Lower respiratory tract infections


Factsheet: Lower respiratory tract infection hospitalisations (0–4 years) (July 2022) View interactive report Download report PDF
Metadata: Lower respiratory tract infection hospitalisations Download report PDF

Poor indoor and outdoor air quality increases the risk of lower respiratory tract infections among children

Lower respiratory tract infections (LRTI) refer to infections of the windpipe (trachea), lungs, and airways (bronchi, bronchioles). These include pneumonia, bronchitis and bronchiolitis. Household crowding [1] second-hand smoke exposure [2], indoor dampness and mould [3], and outdoor air pollution [4] increase the risk of lower respiratory tract infections in young children.

LRTI is responsible for a large burden of avoidable mortality and morbidity among young children under five years old globally. Compared with other developed countries, New Zealand has high rates of LRTI hospitalisation among young children [5]. Each year, a small number of children in New Zealand die from lower respiratory tract infections. Between 2001 and 2018, 173 children under five years of age died from lower respiratory tract infections, an average of 10 deaths every year.


The COVID-19 pandemic

In March 2020, the New Zealand Government pursued an elimination strategy for COVID-19. New Zealand moved to Alert Level 4 (Lockdown) on 25 March 2020, along with temporary border closures, quarantine requirements, community testing, school closures, and contact tracing. These public health measures appeared to have affected lower respiratory tract infection (LRTI) hospitalisation rates in children 0–4 years in 2020.


Number of LRTI hospitalisations decreased dramatically in 2020

In 2020, there were 2856 LRTI hospitalisations in children under five years old, a 71% decrease since 2019 (9939 hospitalisations) (Figure 1).

Figure 1: Number of lower respiratory tract infection hospitalisations in children aged 0–4 years, 2001–2020


Usual winter LRTI hospitalisation peak was down by 85%

The number of LRTI hospitalisations during the 2020 winter season was very low compared to previous years since 2001. There were 272 hospitalisations in August 2020, down from 1817 in August 2019 (Figure 2). This dramatic decrease in LRTI hospitalisations is likely related to the strict public health measures implemented during the COVID-19 pandemic.

Figure 2: Number of lower respiratory tract infection hospitalisations in children aged 0–4 years, by month, 2018–20


Information about this data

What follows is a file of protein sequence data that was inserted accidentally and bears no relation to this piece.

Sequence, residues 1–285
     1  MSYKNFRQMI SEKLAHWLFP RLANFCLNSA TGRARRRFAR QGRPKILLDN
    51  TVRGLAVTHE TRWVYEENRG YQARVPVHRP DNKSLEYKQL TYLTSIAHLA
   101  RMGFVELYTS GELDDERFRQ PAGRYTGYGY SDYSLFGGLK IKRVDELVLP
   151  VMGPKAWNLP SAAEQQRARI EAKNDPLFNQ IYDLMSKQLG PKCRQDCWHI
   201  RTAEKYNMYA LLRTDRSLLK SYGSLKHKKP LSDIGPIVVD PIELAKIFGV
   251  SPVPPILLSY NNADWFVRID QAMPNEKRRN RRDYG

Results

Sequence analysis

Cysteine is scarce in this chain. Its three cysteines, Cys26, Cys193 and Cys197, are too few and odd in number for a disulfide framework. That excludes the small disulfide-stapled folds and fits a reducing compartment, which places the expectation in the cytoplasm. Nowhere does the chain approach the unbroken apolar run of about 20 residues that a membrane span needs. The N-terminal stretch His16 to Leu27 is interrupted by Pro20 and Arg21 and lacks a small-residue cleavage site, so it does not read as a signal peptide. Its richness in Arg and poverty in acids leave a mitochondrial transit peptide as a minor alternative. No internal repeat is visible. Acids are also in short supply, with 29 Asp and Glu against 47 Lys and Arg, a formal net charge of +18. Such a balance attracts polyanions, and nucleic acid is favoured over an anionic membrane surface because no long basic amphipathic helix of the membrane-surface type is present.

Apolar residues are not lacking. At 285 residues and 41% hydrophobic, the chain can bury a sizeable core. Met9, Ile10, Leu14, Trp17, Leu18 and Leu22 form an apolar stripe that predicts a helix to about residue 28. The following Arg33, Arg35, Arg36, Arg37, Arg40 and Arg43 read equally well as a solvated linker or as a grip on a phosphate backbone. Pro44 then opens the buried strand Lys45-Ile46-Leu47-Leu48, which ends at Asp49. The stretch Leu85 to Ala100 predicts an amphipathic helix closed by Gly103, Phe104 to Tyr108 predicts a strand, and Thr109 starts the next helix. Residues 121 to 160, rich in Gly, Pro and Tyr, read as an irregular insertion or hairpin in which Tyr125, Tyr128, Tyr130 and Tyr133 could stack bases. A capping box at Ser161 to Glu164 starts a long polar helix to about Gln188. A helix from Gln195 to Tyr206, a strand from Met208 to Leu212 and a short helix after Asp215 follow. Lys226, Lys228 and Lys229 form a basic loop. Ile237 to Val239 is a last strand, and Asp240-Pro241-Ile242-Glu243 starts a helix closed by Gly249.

Lower respiratory tract infection hospitalisations

Source: National Minimum Dataset, Ministry of Health

Definition: Acute and semi-acute hospitalisations with pneumonia (ICD-10AM J12–J16, J18), bronchitis (J20), bronchiolitis (J21) or unspecified acute lower respiratory tract infection (J22) as the primary diagnosis, for children aged 0–4 years.  Analyses excluded overseas visitors and transfers within and between hospitals. Rates have been presented per 100,000 children.  



1. Baker MG, McDonald A, Zhang J, Howden-Chapman P. 2013. Infectious diseases attributable to household crowding in New Zealand: A systematic review and burden of disease estimate. Wellington: He Kainga Oranga/ Housing and Health Research Programme, University of Otago. 

2. U.S. Department of Health and Human Services. 2007. Children and Secondhand Smoke Exposure. Excerpts from The Health Consequences of Involuntary Exposure to Tobacco Smoke: A Report of the Surgeon General. Atlanta, GA: U.S. Department of Health and Human Services, Centers for Disease Control and Prevention, Coordinating Center for Health Promotion, National Center for Chronic Disease Prevention and Health Promotion, Office on Smoking and Health.

3. Fisk W, Eliseeva E, Mendell M. 2010. Association of residential dampness and mold with respiratory tract infections and bronchitis: a meta-analysis. Environmental Health 9(1): 72. doi: 10.1186/1476-069X-9-72

4. Mehta S, Shin H, Burnett R, et al. 2013. Ambient particulate air pollution and acute lower respiratory infections: a systematic review and implications for estimating the global burden of disease. Air Qual Atmos Health 6: 69–83.

5. Trenholme AA, Byrnes CA, McBride C, et al. 2013. Respiratory health outcomes 1 year after admission with severe lower respiratory tract infection. Pediatric Pulmonology 48: 772–79

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